Oystercatchers seem to be everywhere. Some trotted around solo, just outside the colony, as this one did. While others tended to unhatched eggs, half grown chicks, or those just newly hatched.

The common tern chicks with good real estate have tufts of grass to hide within to escape the sun and remain unseen by potential predators.

Others were out in the open. Relying on their mottled, sandy colored down coats, their next best bet is camouflage.

Some parents with open, exposed nests seem to take one for the team. Sitting out in the sun, but having the chick sit on the shadier side of them.

The chicks are a riot to watch, they are very mobile on those little webbed feet, they vocalize, beg, run, hide, and often get themselves into trouble-- I suppose just as any youngster would. 

There are also a lot of moments where it is so hard not to attribute human emotions and feelings. But really, being bonded with your parent as a little, flightless chick is so important in order to be fed, stay safe, and know who to rely on for help, moments like these have value in their survival.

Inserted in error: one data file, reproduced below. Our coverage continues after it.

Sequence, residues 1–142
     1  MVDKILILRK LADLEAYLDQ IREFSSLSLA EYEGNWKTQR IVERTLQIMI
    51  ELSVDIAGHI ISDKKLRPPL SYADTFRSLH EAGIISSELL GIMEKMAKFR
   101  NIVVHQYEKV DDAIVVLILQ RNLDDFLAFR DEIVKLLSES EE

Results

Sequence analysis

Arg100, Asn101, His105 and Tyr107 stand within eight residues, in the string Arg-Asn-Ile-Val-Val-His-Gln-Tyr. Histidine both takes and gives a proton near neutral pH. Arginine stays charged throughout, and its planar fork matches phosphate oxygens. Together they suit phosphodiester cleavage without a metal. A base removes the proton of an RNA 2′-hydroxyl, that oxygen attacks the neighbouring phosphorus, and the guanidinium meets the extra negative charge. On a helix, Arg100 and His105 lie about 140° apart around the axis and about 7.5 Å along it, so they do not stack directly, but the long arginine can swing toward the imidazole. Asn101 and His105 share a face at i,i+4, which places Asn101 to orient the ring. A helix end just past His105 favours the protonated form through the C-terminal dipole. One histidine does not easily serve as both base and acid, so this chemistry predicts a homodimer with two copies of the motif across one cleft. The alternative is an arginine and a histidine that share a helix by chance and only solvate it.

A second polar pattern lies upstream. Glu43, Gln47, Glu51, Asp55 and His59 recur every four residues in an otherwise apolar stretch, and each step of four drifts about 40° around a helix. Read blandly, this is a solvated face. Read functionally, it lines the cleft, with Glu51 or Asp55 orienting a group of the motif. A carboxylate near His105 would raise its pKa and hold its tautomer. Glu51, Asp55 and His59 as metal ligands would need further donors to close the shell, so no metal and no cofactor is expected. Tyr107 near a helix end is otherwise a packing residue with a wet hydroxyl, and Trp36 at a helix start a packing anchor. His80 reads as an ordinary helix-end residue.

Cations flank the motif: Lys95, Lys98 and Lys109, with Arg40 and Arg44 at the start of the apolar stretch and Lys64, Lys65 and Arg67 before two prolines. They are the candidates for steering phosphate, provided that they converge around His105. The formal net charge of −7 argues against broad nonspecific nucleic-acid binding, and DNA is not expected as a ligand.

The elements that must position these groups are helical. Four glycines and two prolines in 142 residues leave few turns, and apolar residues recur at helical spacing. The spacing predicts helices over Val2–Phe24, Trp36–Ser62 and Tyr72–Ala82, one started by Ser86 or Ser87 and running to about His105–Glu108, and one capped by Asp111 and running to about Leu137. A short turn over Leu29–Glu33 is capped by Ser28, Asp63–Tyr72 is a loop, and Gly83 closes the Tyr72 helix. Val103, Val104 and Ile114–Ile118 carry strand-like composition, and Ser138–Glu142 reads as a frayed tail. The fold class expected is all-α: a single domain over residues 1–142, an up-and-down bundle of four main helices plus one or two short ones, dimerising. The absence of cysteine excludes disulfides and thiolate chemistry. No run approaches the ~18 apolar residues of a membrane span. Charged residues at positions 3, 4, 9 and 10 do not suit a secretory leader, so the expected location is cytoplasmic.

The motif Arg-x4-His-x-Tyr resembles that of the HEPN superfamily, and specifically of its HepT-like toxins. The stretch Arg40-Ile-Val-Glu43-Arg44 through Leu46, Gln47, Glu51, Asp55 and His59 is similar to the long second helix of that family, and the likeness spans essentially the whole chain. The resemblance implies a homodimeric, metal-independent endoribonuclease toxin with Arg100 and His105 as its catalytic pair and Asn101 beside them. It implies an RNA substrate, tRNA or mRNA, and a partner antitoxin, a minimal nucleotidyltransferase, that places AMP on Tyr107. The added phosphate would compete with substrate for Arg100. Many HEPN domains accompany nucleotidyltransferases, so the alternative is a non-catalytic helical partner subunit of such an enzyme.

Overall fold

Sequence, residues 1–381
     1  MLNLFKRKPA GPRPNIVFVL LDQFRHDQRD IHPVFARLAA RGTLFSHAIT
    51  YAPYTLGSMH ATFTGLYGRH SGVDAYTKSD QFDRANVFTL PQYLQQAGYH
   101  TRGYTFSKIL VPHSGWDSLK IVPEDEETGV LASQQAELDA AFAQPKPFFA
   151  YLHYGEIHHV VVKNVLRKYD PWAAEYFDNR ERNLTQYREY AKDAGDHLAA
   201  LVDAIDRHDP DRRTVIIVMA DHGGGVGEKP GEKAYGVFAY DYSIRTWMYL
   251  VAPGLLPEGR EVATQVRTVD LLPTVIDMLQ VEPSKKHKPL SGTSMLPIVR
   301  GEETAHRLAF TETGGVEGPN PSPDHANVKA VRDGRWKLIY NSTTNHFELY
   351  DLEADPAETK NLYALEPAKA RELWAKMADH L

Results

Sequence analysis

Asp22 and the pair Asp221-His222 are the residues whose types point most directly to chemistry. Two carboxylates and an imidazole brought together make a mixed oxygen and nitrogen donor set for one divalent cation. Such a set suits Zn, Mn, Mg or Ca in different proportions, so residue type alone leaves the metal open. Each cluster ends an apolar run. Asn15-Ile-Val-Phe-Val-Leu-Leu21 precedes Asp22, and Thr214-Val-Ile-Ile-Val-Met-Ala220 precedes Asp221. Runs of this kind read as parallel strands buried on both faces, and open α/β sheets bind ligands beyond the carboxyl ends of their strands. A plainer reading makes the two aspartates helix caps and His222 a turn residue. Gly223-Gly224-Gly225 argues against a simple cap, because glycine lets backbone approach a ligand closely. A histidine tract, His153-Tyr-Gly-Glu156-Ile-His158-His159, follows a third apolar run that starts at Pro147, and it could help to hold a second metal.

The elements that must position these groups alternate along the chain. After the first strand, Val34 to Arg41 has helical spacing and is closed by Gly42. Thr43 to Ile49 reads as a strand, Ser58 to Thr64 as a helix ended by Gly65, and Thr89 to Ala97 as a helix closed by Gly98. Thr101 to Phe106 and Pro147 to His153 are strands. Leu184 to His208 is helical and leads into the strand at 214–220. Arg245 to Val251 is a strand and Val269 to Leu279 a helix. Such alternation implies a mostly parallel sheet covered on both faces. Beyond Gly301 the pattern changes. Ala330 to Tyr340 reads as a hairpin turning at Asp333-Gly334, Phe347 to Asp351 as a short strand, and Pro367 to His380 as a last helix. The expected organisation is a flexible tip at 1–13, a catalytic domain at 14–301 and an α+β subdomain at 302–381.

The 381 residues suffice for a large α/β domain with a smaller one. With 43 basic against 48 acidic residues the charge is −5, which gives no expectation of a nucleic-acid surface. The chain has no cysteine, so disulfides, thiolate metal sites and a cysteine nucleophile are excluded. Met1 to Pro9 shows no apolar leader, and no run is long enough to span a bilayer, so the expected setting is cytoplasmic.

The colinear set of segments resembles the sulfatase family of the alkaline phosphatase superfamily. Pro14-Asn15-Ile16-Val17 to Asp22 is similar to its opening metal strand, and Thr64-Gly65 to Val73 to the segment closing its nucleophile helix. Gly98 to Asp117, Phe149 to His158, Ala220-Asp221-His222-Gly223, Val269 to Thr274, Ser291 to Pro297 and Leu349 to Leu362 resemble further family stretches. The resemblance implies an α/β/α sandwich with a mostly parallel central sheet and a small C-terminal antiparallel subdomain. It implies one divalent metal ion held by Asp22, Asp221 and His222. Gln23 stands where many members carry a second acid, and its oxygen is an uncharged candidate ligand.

And I think it is okay to "squee" at these things. Having an attachment to nature through emotions, or feeling connected through things that we experience in our human lives is important, especially in getting folks to value and care about these animals-- ultimately resulting in protecting them. So let out your biggest "aww," because, yeah-- it's totally cute and we should continue to ensure that these terns return and grow this colony and others each year as it isn't easy sharing a beach with people.

<3

Oh yeah- and these parents, as tender as they are, also are fierce.

If you visit this beach or ANY nesting colony of birds, respect the boundaries:
1. If there are ropes or posted signs, abide by them, give the birds space. At Nickerson, folks get right up to the rope and the birds are sometimes sitting on nests right behind it, which brings me to...
2. Use common sense, if there is a bird, right behind the rope, sitting or which chicks, back up- provide extra space. When a bird repeatedly dive bombs your head (because they do) take the hint and step off. So many photographers (who are not birders) completely disregard this ethical rule-- and we as well as others asked them to back up and they don't. You have a mondo lens, back up and use it.